Why Do Party Activists Convert? an Analysis of Individual-Level Change on the Abortion Issue

Article excerpt

The conversion of continuing party activists to new policy positions plays an important role in the process of partisan change. Although a number of scholars have shown that conversion among continuing activists at the aggregate level contributes to overall ideological change within the parties, political scientists have devoted little attention to the factors associated with attitudinal conversion among individual activists. In this article, we develop a model of the individual-level conversion process and test it using panel data on the abortion attitudes of a national sample of continuing party activists. The results indicate that a number of factors distinguish those activists who convert as their parties' ideological positions change from those activists who do not. These factors include an activist's candidate preferences and general ideological orientations, the religious and political groups to which an activist belongs, the types of incentives that motivate an activist's political activity, and the political environment in the party in an activist's home state.

Party activists play a prominent role in the partisan change process. They often bring new issues into party politics (Carmines and Stimson 1989; Carmines 1991); they exert substantial influence on the selection of party candidates and the drafting of party platforms (Miller and Jennings 1986; Aldrich 1995); they influence the composition of government through their work in election campaigns; and they serve as "opinion leaders" in their local communities, shaping the images that the mass public forms of the parties' policy stances (Carmines and Stimson 1989). Thus, in order to understand the nature of political change in the United States, one must come to grips with change among party activists.

Scholars studying long-term change in the aggregate ideological stances of party activists often focus on the replacement of old party activists by new activists with different policy views (Aldrich 1983; Sundquist 1983; Carmines and Stimson 1989). Viewing replacement as the primary source of change seems logical given the permeable and candidate-centered nature of American party politics. When new candidates, touting new issues, emerge on the political scene, they attract a new set of activists, who find few barriers to entry into the party system. These new activists replace activists who were attracted to party politics by the candidates and issues of the past.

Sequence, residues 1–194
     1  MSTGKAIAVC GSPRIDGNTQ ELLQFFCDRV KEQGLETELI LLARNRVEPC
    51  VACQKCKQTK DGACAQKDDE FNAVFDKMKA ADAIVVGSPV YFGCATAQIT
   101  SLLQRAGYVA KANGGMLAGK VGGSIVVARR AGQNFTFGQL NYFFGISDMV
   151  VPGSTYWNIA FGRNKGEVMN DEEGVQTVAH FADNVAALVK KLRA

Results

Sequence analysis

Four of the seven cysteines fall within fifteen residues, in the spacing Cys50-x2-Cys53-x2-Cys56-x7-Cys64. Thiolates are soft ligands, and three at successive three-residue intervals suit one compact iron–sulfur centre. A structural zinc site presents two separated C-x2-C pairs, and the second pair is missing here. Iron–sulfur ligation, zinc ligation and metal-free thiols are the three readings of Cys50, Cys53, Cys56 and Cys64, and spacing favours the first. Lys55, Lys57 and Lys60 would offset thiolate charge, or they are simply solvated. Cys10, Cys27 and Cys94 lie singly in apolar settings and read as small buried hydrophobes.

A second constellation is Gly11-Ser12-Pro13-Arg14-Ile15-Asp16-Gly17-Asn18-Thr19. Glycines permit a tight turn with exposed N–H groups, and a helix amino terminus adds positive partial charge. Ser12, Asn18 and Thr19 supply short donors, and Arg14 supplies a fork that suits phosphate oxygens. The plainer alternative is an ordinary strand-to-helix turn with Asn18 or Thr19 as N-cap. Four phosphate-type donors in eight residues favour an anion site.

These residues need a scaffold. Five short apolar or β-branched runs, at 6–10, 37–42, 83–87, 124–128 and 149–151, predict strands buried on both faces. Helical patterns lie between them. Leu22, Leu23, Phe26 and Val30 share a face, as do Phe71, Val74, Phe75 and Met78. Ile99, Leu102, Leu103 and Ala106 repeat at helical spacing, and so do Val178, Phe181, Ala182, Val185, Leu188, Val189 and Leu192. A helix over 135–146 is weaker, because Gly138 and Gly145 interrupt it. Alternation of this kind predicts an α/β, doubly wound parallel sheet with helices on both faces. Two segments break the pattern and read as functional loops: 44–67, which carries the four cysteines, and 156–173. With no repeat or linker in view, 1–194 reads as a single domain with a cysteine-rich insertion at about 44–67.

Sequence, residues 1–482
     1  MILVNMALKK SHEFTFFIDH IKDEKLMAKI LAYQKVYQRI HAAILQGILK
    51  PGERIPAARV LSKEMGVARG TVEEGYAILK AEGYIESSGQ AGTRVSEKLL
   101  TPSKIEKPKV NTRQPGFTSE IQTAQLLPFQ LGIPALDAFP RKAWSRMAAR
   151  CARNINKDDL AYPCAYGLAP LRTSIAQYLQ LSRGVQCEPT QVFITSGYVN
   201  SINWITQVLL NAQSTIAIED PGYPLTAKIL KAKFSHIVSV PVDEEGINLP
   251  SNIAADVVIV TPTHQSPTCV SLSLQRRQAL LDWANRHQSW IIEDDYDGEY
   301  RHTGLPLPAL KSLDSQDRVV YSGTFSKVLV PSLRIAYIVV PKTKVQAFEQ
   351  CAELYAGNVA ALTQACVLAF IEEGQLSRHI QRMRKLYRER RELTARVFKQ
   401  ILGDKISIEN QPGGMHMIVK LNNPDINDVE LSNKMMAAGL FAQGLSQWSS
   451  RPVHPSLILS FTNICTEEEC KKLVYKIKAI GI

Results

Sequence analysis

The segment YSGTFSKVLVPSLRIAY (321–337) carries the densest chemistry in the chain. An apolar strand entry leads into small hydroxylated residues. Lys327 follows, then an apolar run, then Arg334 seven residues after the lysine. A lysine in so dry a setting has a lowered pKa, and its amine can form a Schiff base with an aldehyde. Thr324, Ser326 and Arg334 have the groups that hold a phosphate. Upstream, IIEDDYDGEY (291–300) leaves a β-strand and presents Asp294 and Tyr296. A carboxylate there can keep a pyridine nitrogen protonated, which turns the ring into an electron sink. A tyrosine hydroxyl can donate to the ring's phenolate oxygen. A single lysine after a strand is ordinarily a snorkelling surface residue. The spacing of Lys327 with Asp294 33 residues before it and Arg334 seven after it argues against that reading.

However, several scholars (Miller and Jennings 1986; Stone, Rapoport, and Abramowitz 1990; Rapoport and Stone 1994; Herrera 1995) demonstrate that partisan ideological change also results from the conversion of continuing activists to new policy positions. In some instances, the contribution of conversion to overall change is as great as or greater than that of replacement. This has important implications for the partisan change process. If conversion effects are in the same ideological direction as replacement effects, there will be either more overall change or more rapid change in the aggregate than if only replacement effects are at work. Moreover, continuing activists generally are more likely than newly mobilized activists to remain active in subsequent campaigns (Rapoport and Stone 1994). Thus, partisan change due in part to the conversion of continuing activists may be more likely to persist than change resulting only from replacement.

Given the significance of conversion, it is important not only to examine aggregate conversion levels, but also to ask a question that scholars have not addressed: Why do individual activists convert on an issue as the aggregate position of their party changes? On the one hand, there are some strong reasons why individual activists would resist conversion rather than follow intraparty trends. Activists hold their attitudes on issues with more conviction than do ordinary citizens and activists' attitudes are more stable over time than those of the mass public (Stone, Rapoport, and Abramowitz 1990). …


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